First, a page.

Call 07 834 6000

Selling a farm - take great care

30 April 2019

A recent case explains the potential liability sellers of farms and real estate agents can incur if they don’t provide accurate information to prospective purchasers. In this recent case[i] the real estate agent (who was one of the defendants) applied for a Court order for the impecunious purchaser (who was the plaintiff) to provide security for the costs the purchaser could be ordered to pay the agent if the purchaser was unsuccessful with their claim. To successfully obtain the order the agent would have to show the Court that the purchaser’s claim was without merit and had little chance of success.

The inaccurate information provided by the agent

The purchaser signed an agreement to buy a dairy farm, conditional on the purchaser being satisfied with a due diligence investigation of the property. After completing the purchase the purchaser noticed production was down on the figures in a proposal prepared by the agent, which had been provided to them before they signed the agreement. The purchaser also claimed the agent had verbally confirmed the production figures in a meeting.

The claims and the defence

The purchaser sued the agent and the seller, claiming breach of the Fair Trading Act 1986, negligent misstatement and deceit resulting from agent’s alleged verbal statement.

In defence the agent denied the verbal statement about production was made to the purchaser and challenged the reasonableness of the purchaser’s reliance on the proposal because it contained a disclaimer that the agent was not liable for the accuracy of the information supplied by the seller. The agent also pointed out the purchaser’s failure to undertake proper due diligence on the farm.

Fair Trading Act

Under the Fair Trading Act the purchaser asked the Court to declare the agent had engaged in misleading conduct in trade by giving them inaccurate production statements. Although the agent denied the statements were untrue and therefore denied there had been misleading or deceptive conduct, the judge found “there would appear to be a reasonably strong case for saying that the oral statement was incorrect” and this would be a breach of the Fair Trading Act. The judge also stated that, even if it had been unreasonable to rely on the statements, that would not have cured what was otherwise misleading or deceptive conduct. However, unreasonably relying on the statements would be relevant to the amount of compensation the court might order to be paid to the purchaser.

 Negligent misstatement

The judge stated that an agent can be liable in negligent misstatement, particularly where they held themselves out as having specialised knowledge, on which they know the other party will rely. He noted that the purchaser asked for the agent’s assistance in this transaction and that the agent and his company were specialist rural real estate agents. The proposal containing the production figures stated it had been prepared for the purchaser. Therefore it was not unreasonable for the plaintiffs to rely on the proposal or the verbal statement. This was particularly so because the purchaser told the agent the proposal was required for the purchaser’s bank.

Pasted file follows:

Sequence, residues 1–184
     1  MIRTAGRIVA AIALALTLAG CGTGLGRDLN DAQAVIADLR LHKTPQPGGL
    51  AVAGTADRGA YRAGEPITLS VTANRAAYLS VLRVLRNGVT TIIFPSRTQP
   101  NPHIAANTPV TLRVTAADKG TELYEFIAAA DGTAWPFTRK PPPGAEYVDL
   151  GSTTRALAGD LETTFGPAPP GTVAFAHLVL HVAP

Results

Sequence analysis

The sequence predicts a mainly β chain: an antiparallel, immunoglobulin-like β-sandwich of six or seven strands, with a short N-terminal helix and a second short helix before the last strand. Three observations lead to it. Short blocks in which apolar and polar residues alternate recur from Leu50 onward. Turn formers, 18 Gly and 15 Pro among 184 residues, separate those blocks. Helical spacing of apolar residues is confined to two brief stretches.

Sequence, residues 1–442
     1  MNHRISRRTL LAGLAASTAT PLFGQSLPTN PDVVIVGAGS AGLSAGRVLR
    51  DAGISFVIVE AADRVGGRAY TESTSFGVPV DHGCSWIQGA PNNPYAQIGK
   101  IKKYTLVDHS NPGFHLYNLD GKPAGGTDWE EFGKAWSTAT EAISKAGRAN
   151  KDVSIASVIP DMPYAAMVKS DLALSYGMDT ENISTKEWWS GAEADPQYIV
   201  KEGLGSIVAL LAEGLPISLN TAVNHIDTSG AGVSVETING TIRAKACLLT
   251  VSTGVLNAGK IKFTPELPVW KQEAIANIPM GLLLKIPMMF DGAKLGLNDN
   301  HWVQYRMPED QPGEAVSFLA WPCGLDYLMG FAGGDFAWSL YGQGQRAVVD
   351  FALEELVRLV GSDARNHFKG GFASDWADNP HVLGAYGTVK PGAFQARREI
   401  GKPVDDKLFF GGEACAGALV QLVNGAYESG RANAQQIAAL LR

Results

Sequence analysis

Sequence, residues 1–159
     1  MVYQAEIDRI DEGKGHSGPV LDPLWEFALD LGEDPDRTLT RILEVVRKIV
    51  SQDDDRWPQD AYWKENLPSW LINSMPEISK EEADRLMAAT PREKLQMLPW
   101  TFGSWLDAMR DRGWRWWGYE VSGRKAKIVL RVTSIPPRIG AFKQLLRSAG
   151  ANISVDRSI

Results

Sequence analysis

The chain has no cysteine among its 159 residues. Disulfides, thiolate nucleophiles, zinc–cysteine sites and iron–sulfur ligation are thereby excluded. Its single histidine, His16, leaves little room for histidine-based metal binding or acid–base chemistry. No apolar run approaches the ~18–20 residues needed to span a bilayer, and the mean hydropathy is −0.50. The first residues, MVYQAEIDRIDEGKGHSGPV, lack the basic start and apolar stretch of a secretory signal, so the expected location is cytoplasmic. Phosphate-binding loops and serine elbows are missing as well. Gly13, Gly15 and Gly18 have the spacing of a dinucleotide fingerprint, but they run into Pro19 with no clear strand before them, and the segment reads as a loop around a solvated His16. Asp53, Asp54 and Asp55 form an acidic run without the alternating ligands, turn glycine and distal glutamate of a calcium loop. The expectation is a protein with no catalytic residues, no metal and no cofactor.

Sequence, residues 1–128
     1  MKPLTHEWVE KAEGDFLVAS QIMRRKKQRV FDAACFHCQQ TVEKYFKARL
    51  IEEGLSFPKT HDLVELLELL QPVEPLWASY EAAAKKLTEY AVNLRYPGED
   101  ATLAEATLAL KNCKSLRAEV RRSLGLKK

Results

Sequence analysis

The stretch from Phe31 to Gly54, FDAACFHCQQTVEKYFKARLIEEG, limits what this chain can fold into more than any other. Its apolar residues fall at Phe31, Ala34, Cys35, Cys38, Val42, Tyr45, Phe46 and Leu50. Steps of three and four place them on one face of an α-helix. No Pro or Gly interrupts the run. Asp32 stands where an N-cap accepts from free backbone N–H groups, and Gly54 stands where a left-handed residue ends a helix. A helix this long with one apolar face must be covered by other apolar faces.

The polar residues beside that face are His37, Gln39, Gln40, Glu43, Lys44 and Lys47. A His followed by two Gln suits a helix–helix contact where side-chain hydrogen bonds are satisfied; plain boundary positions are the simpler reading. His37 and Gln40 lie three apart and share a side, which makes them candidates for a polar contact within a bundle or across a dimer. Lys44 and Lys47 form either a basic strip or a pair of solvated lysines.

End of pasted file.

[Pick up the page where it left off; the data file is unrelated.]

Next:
Deceit

The judge set out the elements of the deceit claim. There must be: (a) A false representation as to a past or existing fact made by a defendant who knew it to be untrue or had no belief in its truth or who was reckless as to its truth; (b) Intention that the plaintiff should act on the representation; and (c) Action by the plaintiff in reliance on the representation causing loss.

The judge found the agent’s submissions in defence of this claim were not convincing and, the judge stated it was not necessary for him to make a finding on this point in order to dismiss the agent’s application.

The result

Having found the purchaser had a reasonably arguable cause of action under the Fair Trading Act and having considered the negligent misstatement cause of action was “far from speculative”, the judge dismissed the agent’s application for security for costs. The purchaser might have won this battle, but the battle to win the war by proving their case in court now lies ahead.

[i] Routhan v PGG Wrightson Real Estate Limited [2019] NZHC 169

 

Please email me at barbara.mcdermott@nwm.co.nz with your ideas for future articles. Keep an eye out for next month's column, where I will discuss another relevant rural legal issue.


Barbara McDermott is a partner of Norris Ward McKinnon, specialising in commercial and rural law. With offices in Hamilton and Huntly, we have friendly, expert legal advisors ready to help you with your business and personal legal matters.

 

Barbara McDermott